Sunday, November 07, 2010

You are made for so much more than all of this

It's funny, the chain of events and people who lead us to the changes in life, both good and bad, which bring us lessons and ultimately new-found strength and renewal. We face adversity, reach a state of hopelessness and feelings of loss and teeter on that dangerous knife's edge, upon which we must decide whether to dissolve ourselves into the chaotic abyss of despair, or to fall into faith, hope and overcoming fear.

It may seem odd that regaining hope and faith are the more difficult option, but in reality it takes great strength to let go of the past and allow faith to replace worry and fear. Being weak, allowing chaos to take over - that's easy. You don't have to work at being afraid. You just allow it to come in and take over your life. Fighting fear takes energy and stamina, two things that depression and pain drain you of.

God brings things into our life with a purpose and the intent of helping us to combat all of this. People and events are brought into our lives for a reason. Nothing is by chance, but it's up to us to choose the paths of our own lives. Our choice in paths can make our life journey very smooth and easy or very, very difficult. Not everything is a choice on our own parts, but everything does happen for a reason: birth, death, love, loss, joy, hardship, knowledge, pain.

My beginnings obviously weren't my own choice. I hadn't chosen to be abused or neglected, and ultimately rejected by my own family. Those experiences, however, have given me a compassion and understanding I would not have had without them. Though I have long recognized these hardships as learning experiences, I have also wallowed for much of my life in the pain they caused. I have made unsound choices which only resulted in further torment and hardship in my life.

I have spent the majority of my life fighting. I've fought not just those who've hurt me, but because I was so used to having to fight for love and respect, I've also fought those who've loved me. I've fought for love, for respect, for my own dignity. In my quest to fight for the help and understanding I sought for so long, I ended up fighting those who truly wanted to help me. I've fought my friends and mentors, and even myself.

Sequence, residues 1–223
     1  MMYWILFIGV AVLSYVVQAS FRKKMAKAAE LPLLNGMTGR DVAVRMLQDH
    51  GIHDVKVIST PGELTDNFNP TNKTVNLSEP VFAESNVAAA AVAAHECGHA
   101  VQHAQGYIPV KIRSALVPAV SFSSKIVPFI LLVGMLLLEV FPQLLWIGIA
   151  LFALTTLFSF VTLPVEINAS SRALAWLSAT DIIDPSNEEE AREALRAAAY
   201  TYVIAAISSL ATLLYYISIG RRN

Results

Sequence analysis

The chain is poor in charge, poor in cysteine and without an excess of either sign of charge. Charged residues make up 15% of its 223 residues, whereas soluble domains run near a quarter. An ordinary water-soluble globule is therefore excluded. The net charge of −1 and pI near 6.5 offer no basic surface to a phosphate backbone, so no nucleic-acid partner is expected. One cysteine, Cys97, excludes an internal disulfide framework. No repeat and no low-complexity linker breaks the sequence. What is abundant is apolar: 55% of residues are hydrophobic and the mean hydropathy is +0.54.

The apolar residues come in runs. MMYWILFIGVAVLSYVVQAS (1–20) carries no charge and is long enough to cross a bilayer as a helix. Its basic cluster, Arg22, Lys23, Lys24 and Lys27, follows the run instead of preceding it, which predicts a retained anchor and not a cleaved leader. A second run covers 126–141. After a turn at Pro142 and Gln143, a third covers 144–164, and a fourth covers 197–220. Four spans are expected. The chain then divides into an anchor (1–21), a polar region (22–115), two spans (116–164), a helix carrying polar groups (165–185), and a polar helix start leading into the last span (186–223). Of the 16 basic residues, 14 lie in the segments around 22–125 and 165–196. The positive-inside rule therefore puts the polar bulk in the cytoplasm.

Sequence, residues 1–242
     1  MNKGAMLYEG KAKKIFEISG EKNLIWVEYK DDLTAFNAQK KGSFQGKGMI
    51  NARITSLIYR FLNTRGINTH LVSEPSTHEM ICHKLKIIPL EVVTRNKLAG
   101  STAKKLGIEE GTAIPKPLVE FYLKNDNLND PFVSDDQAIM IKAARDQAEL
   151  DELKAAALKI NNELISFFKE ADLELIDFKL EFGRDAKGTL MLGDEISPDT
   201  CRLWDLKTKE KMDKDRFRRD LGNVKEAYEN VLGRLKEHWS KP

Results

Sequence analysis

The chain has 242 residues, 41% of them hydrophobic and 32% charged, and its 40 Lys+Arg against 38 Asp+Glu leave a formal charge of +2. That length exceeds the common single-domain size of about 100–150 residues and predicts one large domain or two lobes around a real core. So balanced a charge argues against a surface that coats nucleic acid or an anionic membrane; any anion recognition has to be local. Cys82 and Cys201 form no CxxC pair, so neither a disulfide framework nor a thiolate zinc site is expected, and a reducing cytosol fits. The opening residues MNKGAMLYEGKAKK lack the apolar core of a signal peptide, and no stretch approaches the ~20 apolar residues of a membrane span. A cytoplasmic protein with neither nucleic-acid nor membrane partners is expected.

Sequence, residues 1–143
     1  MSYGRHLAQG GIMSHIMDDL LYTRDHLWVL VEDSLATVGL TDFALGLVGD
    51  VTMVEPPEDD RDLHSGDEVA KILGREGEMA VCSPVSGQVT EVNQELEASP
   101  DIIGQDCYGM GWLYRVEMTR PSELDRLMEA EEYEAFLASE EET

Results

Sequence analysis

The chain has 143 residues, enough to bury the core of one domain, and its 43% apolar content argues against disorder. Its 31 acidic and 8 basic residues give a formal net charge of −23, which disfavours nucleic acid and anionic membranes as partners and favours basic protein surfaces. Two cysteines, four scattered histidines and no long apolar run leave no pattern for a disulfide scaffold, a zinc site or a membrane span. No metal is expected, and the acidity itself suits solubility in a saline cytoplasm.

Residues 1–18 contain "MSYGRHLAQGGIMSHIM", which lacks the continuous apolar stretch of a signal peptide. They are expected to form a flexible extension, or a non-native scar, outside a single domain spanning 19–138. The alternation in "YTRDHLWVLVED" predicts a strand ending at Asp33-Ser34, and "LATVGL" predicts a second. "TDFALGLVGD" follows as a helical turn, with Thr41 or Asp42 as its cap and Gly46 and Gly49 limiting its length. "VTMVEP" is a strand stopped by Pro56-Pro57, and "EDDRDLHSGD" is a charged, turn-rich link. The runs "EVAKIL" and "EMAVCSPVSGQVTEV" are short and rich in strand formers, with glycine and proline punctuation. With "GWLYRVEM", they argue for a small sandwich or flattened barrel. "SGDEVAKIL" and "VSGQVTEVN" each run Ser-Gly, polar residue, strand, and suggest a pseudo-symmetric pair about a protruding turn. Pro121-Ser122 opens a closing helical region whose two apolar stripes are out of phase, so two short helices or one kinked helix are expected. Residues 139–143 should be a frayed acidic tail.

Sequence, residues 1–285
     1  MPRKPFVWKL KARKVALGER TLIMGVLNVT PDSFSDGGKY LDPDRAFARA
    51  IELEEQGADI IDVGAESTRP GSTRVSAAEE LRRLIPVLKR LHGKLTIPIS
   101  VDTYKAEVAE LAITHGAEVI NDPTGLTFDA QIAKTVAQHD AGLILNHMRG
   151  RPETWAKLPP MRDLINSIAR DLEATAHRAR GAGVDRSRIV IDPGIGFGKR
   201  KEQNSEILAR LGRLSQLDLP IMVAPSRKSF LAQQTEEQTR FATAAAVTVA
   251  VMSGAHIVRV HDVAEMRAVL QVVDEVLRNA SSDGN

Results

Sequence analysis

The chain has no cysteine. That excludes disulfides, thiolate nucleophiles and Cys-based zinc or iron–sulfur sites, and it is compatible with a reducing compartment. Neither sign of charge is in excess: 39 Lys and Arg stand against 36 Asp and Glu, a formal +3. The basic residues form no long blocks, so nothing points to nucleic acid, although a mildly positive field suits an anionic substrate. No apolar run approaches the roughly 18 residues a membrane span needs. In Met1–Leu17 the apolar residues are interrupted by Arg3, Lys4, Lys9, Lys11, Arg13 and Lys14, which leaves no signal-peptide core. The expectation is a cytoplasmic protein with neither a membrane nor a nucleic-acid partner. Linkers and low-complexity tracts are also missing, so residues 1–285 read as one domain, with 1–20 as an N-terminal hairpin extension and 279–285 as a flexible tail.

When I wasn't fighting I was hiding myself away. My typical reaction to stress is to hermit myself away, hide from the harshness of the world and lock myself in my own little bubble. Me against the world - and life. When you've lived in fear and pain, you haven't really lived at all.

When you feel worthless and you're used to fighting, you tend to take on ventures that give you a sense of purpose and accomplishment. Something that tells the world you've been here, done something worth doing. In my case, it is Soldiers' Angels. If I've never had anything to offer, anything worth giving, then at least compassionate philanthropy is something I do have to give. When you know pain and loss and hardship, you can better relate to those who endure it, even if it's of a different category than your own.

Through the volunteer work with this organization, I met Shelle, a very strong and no-nonsense woman who has in turn introduced me to many more strong and beautiful women who have also persevered through hardship, each journeying through pain and loss into their own forms of healing and rebirth. One of these women is Jodi Rae, a sweet, loving, kind and compassionate woman who has no doubt endured considerable tribulation herself.

Jodi Rae authored a book, The Blonde On The Prairie, detailing her journey to overcome those trials and rise above them. Over a lunch with Logan, a dear friend in his own right, Jodi Rae signed a copy of her book which Logan then sent on to me. Even from the very first page, I knew they'd both seen straight through to my heart at a critical time when I had nearly begun to slip back into that abyss.

"It took great and powerful adversity for me to end up broken and discouraged, feeling un-loved and not worthy. That same adversity forced a mighty resilience in me to fight back and go on living.

When I began to live, I began to know love. Love yielded laughter. Laughter exploded into healing."

- From
The Blonde On The Prairie, by Jodi Rae Ingstad

Jodi Rae, I believe that Shelle instinctively knew somehow that you and all of those other strong and beautiful women would hold the keys to bringing back the me that adversity tried so hard to destroy. Thank you for sharing your joy with me when I needed it most. I'm going to try leaving my barn door open, and let the joy come back in.

Blessed is the man who perseveres under trial, because when he has stood the test, he will receive the crown of life that God has promised to those who love Him. - James 1:12

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